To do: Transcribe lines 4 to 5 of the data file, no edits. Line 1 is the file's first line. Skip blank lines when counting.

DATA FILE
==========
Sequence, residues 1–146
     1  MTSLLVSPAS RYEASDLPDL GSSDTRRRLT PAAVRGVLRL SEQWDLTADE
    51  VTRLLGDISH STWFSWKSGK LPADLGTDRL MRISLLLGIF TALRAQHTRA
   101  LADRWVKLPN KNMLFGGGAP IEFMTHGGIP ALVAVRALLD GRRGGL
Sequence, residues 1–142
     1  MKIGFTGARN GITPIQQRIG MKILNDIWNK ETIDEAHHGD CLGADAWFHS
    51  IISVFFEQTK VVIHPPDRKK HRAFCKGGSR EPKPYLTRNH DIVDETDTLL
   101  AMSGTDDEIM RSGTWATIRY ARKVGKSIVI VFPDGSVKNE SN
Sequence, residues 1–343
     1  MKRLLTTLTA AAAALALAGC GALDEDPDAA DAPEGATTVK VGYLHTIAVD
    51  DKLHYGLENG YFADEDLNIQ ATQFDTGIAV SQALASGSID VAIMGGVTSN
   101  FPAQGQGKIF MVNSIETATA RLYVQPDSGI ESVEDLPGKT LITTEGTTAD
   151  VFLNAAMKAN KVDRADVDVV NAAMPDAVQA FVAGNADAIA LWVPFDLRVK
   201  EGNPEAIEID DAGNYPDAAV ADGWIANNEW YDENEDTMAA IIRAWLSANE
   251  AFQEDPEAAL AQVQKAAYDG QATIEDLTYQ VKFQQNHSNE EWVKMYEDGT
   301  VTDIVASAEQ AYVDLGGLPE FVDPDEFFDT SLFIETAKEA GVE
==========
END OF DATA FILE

   101  LADRWVKLPN KNMLFGGGAP IEFMTHGGIP ALVAVRALLD GRRGGL
Sequence, residues 1–142